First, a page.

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Skull Base Reports

Ernest J Wright, Natalya Chernichenko, Eylem Ocal, Jennifer Moliterno, Ketan R Bulsara, Benjamin L Judson
We describe a case of benign inverted papilloma with intracranial extension treated with endoscopic resection combined with craniotomy. Intracranial involvement of inverted papilloma, in the absence of malignancy, is uncommon. We present an analysis of the literature identifying the characteristics and outcomes of benign intracranial inverted papilloma. PubMed database was searched using keywords intracranial, inverted or inverting, and papilloma. There are 17 reports of benign inverted papilloma with intracranial extension reported with a mean age of 49...
November 2011: Skull Base Reports
James R White, Sean Weiss, Dwayne Anderson, Stephen E Mason, Mell A Schexnaildre, Daniel W Nuss, Rohan R Walvekar
This study was conducted to describe a retropharyngeal myxoma and discuss clinical concerns regarding this pathology and a retropharyngeal site of occurrence. We present a case report and review of literature. A 71-year-old woman presented with mild right neck pressure for 3 weeks. Imaging studies and head neck examination confirmed a 5.3 × 3.1 × 1.0 cm retropharyngeal mass with no communication to the vertebral column but was intimately involved with the pharyngeal mucosa. A transoral fine needle aspiration biopsy suggested a possible spindle cell neoplasm...
November 2011: Skull Base Reports
Justine Lerat, Stéphane Orsel, Charbel Mounayer, Roberto Riva, Pierre-Yves Roudaut, Vincent Patron, Jean-Pierre Bessede, Karine Aubry
Carotid pseudoaneurysms of petrous localization are rare. They are mostly due to trauma, tumoral or infectious diseases, or a result of iatrogenic complications after skull base surgery. Symptoms such as facial paralysis are exceptional and have rarely been described in the literature until now. We report the case of a 64-year-old woman, who developed left peripheral facial paralysis induced by two carotid pseudoaneurysms in their intrapetrous section. The treatment is endovascular, despite the high morbidity rate...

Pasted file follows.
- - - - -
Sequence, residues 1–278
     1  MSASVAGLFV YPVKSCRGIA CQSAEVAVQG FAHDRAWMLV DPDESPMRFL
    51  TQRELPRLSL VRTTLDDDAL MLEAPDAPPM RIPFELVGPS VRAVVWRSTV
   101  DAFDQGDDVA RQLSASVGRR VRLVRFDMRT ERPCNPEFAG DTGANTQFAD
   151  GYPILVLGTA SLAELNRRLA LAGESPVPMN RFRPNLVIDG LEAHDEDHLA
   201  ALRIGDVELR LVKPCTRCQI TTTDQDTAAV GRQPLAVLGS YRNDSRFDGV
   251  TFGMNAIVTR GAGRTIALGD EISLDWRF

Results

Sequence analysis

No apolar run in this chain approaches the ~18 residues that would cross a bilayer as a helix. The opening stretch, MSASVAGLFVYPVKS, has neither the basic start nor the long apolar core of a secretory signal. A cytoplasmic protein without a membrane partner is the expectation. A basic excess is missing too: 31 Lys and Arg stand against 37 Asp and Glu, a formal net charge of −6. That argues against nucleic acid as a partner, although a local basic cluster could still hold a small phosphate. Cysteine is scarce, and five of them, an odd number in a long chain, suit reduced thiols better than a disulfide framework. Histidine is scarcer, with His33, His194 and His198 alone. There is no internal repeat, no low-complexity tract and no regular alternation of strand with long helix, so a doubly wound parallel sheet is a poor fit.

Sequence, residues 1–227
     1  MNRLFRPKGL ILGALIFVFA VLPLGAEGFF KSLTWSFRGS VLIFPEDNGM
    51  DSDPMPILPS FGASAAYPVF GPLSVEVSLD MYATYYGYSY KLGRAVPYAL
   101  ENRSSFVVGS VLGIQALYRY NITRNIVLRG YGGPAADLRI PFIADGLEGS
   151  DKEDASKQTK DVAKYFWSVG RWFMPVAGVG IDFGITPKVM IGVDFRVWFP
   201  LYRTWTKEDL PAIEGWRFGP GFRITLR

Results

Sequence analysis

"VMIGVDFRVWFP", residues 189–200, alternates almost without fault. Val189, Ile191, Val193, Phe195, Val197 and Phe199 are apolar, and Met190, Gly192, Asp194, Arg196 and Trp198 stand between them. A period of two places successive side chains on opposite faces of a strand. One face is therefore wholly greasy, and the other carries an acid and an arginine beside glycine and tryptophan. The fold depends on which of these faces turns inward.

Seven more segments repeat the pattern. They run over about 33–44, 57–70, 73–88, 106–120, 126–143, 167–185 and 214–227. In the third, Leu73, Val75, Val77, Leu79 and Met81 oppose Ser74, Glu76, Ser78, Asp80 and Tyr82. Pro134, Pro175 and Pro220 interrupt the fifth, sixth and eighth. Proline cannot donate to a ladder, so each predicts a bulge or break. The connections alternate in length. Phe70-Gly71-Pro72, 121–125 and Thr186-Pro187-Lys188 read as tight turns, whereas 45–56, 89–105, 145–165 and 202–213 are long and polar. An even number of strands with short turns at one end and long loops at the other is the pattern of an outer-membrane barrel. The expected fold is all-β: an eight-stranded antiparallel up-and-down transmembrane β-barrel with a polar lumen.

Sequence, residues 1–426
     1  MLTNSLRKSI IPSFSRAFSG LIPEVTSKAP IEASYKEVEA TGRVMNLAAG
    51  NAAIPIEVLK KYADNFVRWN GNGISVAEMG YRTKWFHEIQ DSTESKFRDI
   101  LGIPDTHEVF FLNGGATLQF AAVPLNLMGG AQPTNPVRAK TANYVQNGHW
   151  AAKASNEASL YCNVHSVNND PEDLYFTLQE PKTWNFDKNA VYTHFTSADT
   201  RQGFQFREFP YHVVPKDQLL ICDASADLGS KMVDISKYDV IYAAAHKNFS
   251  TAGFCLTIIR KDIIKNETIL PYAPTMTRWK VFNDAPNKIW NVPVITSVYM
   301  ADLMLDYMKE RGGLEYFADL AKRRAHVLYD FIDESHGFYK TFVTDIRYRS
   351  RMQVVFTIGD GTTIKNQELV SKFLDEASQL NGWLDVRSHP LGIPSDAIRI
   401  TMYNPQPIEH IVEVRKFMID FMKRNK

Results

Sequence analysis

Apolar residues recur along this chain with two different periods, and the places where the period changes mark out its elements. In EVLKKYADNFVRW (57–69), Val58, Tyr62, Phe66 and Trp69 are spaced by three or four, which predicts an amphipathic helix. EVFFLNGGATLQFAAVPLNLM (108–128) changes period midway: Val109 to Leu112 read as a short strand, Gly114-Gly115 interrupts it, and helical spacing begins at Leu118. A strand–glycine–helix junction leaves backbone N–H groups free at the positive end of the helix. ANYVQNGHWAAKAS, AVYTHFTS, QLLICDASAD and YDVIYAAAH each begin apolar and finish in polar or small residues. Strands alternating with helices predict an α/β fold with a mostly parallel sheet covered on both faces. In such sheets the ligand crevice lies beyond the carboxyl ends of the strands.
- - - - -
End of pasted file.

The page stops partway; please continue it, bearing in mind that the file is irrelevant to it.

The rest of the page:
November 2011: Skull Base Reports
Enrico Maria Trecarichi, Jacopo Galli, Enrica Tamburrini, Katleen Gaetano de Donati, Giancarlo Scoppettuolo, Cesare Colosimo, Francesco Pierconti, Gaetano Paludetti, Mario Tumbarello
Esthesioneuroblastoma (ENB) is an uncommon malignant tumor derived from the specialized neuroepithelium of the upper nasal cavity. The largest case series and meta-analyses suggest the combination of surgery and radiotherapy as the gold standard treatment for ENB. However, an increasing number of case series have reported excellent survival and few complications with minimally invasive endoscopic resection (MIER) in conjunction with radiotherapy of EBN in early stages of the disease. In this case report, the authors describe the first case of ENB in a young adult man who was human immunodeficiency virus (HIV)-1 and Hepatitis C virus (HCV) coinfected...
November 2011: Skull Base Reports
Daipayan Guha, Cynthia Menard, Wayne Evans, Fred Gentili, Gelareh Zadeh
Endolymphatic sac tumors (ELSTs) are rare neuroectodermal neoplasms arising within the posterior petrous bone. We present a case of a 21-year-old man who presented with a 6-month history of intermittent morning headaches, fatigue, diplopia, and gait ataxia. Imaging and surgical pathology identified an adenocarcinoma of the endolymphatic sac compressing the cerebellum and brain stem. The tumor and multiple metastases were treated with surgery, radiation, and radiosurgery. Following insertion of a ventriculoperitoneal shunt for hydrocephalus, he developed symptomatic tension pneumocephalus secondary to radionecrosis of his petrous bone, requiring flap reconstruction and use of a programmable shunt valve complemented by hyperbaric oxygen (HBO) therapy...
November 2011: Skull Base Reports
Francesco A I Priamo, Elpidio D Jimenez, Ethan A Benardete
Neurenteric cysts are considered congenital lesions that may slowly expand over time. Although more commonly found in the spinal canal, they may be found intracranially, particularly in the posterior fossa. Here, we present an unusual case of a large, rapidly expanding histologically confirmed posterior fossa neurenteric cyst in a 53-year-old woman, who presented with quadriparesis. Computed tomography imaging done ~1.5 years before admission failed to demonstrate any obvious abnormality; however, the lesion had grown to 4 cm in maximal dimension at presentation with significant mass effect...
November 2011: Skull Base Reports
Peter Valentin Tomazic, Heinz Stammberger, Walter Habermann, Christoph Schmid, Wolfgang Koele, Michael Mokry, Verena Gellner, Alfred Beham